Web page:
Is EDA still an appropriate term for what we do? What applications will drive future semiconductor design innovation? Will further consolidation be required for EDA to thrive again? They are all good questions, questions that will hopefully be properly addressed at the EDAC CEO Forecast and Industry Vision event next week but here are my thoughts:
Is EDA still an appropriate term for what we do? According to the most recent press releases:
Synopsys, Inc. (Nasdaq: SNPS), a world leader in software and IP for semiconductor design, verification and manufacturing, today announced……
Cadence Design Systems, Inc. (NASDAQ: CDNS), a global leader in electronic design innovation….
Mentor Graphics Corporation (NASDAQ: MENT) is a world leader in electronic hardware and software design solutions………
Magma® Design Automation Inc. (Nasdaq:LAVA), a provider of chip design software…..
Not that EDA companies ever called themselves EDA companies in print, but I do see a disconnect here. One of the things I do for a living is provide background information to semiconductor industry investors. The foundries and their top customers are of BIG INTEREST, EDA and IP not so much. I have even conference called with analysts who have JUST attended EDA CEO presentations and they still don’t see the value in EDA. If you want to know the number one problem with EDA, that is it, communication. We really suck at it.
What applications will drive future semiconductor design? That should be obvious after Christmas, EMBEDDED SYSTEMS! We got a new minivan for Christmas and you would not believe the electronics packages that are available today. Seriously, it’s like piloting a space shuttle. There has to be dozens of microprocessors and sensors embedded into this vehicle. Video cameras, collision avoidance, satellite, GPS, split screen DVD, electric doors, and disappearing seats just to name a few. Seriously, you push a button and the back seat automatically folds into the floor. The manual for this vehicle is hundreds of pages, hopefully one of my kids will read it someday.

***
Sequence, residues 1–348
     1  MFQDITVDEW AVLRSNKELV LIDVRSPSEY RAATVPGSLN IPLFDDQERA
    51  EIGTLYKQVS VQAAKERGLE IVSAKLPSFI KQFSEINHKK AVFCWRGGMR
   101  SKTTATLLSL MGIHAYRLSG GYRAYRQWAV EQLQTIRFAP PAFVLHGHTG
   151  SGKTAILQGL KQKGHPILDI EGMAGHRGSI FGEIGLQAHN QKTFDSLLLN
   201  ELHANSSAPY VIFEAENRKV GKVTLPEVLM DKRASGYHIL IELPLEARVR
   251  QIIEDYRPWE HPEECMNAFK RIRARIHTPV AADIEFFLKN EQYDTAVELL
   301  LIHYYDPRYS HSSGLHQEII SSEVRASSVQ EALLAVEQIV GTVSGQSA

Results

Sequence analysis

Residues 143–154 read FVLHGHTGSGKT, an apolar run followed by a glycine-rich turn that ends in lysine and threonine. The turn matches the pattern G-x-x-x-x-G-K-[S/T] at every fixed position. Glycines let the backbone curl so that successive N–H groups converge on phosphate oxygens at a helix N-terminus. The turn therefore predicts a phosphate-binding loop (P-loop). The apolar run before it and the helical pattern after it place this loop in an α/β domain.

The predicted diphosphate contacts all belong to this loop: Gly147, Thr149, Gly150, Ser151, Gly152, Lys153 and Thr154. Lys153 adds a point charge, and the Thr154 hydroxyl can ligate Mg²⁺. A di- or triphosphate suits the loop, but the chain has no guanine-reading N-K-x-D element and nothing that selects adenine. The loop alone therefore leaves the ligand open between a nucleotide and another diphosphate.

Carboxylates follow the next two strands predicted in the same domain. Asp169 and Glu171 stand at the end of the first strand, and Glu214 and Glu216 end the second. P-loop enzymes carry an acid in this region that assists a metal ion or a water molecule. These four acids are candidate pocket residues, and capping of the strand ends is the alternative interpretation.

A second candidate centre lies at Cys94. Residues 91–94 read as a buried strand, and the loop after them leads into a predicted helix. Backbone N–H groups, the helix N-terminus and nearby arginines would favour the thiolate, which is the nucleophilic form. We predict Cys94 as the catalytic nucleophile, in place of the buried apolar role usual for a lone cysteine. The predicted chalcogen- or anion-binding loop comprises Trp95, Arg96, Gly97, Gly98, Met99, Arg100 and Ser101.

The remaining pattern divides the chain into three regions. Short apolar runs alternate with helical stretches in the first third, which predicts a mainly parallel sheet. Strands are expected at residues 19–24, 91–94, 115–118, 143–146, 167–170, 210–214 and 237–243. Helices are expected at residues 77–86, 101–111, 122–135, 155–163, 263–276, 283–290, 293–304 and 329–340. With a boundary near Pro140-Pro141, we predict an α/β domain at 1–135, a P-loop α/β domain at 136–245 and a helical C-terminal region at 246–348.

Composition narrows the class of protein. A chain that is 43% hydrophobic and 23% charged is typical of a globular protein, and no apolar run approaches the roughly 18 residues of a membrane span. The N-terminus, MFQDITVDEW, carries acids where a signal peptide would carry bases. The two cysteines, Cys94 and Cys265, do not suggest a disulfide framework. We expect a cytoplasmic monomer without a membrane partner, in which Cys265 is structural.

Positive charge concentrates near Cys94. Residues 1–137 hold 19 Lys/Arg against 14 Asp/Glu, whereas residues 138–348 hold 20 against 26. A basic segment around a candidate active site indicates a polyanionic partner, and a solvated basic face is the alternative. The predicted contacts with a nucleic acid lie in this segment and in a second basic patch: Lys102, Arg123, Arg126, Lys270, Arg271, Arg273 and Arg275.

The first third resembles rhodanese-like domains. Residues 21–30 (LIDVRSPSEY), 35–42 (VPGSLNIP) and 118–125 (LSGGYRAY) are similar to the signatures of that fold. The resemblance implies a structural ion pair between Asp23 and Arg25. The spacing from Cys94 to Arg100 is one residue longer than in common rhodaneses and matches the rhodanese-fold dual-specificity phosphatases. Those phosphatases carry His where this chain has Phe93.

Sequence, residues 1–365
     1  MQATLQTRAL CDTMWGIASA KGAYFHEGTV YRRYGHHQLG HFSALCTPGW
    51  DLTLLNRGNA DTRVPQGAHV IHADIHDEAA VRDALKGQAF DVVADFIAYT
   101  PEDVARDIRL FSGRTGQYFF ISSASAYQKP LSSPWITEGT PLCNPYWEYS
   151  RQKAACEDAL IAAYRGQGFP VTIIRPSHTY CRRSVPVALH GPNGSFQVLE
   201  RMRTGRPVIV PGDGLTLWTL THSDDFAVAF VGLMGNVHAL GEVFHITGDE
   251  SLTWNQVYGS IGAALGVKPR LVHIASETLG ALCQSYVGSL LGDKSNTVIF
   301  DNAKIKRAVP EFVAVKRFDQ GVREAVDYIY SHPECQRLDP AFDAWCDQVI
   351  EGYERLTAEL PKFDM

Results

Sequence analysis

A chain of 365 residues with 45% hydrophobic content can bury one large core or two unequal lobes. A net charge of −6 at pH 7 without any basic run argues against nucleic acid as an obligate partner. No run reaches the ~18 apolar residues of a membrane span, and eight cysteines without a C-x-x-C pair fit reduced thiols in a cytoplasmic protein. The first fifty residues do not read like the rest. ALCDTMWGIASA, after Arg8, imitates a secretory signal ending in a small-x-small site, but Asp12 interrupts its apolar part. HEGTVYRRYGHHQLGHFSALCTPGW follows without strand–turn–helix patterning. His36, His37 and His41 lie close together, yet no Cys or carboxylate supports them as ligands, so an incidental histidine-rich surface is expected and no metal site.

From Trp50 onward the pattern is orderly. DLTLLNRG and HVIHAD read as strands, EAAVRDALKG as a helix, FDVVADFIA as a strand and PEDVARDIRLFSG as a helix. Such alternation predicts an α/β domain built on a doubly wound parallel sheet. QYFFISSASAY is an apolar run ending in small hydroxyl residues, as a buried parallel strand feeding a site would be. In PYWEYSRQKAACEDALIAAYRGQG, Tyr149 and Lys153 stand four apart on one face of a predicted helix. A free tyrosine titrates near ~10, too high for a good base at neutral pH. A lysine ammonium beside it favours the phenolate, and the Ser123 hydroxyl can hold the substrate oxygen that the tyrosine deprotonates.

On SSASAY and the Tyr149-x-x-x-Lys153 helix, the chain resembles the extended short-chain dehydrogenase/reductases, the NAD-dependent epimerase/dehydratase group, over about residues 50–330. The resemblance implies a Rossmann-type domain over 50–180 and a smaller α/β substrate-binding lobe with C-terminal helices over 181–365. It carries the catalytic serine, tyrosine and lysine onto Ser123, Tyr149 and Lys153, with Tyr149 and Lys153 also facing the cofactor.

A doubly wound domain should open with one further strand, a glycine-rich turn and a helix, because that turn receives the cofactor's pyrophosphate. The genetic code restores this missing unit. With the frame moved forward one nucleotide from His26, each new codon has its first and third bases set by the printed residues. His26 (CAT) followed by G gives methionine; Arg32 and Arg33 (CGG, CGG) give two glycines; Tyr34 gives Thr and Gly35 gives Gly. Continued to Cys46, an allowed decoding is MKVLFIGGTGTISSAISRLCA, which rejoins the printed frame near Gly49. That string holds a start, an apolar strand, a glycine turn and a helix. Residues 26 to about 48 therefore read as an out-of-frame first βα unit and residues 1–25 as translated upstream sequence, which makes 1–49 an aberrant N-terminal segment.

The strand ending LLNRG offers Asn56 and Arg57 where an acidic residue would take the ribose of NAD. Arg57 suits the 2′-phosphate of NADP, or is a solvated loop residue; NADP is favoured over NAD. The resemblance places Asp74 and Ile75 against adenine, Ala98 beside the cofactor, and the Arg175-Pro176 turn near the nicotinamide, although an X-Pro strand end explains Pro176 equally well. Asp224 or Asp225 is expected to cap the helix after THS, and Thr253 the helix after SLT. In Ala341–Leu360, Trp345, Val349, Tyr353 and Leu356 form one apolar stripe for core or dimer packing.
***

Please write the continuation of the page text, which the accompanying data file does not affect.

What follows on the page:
Currently embedded systems account for $200B+ of the $300B+ semiconductor revenues. That is if we can agree that an “embedded system” is an electronic device with a special purpose processor, including smartphones. The other $100B+ has general purpose processors driving them. Future semiconductor growth will come from the embedded side for sure.
Will further consolidation be required for EDA to thrive again?Yes of course, I think we can all agree on that. My biggest concern however is the lack of EDA and IP start-ups. You will be hard pressed to find investors for semiconductor design. The top EDA companies are not helping much either. Remember when EDA partner programs were open? How about when the top EDA companies had incubators and VC funds? If the top EDA companies spent half as much time nurturing emerging companies as they do trying to kill them we would all be better off.
Here’s the irony on the investment side, VC’s are spending billions of dollars on Facebook, Twitter, Zynga, and other mindless applications, but when it comes to the tools and IP that build the platforms? Pffft. How about when Google, Apple, and/or Oracle start buying ARM, Synopsys, and the other key semiconductor enablers? That will shake things up a bit and maybe we will remember where we all came from, START-UPS!Share this post via: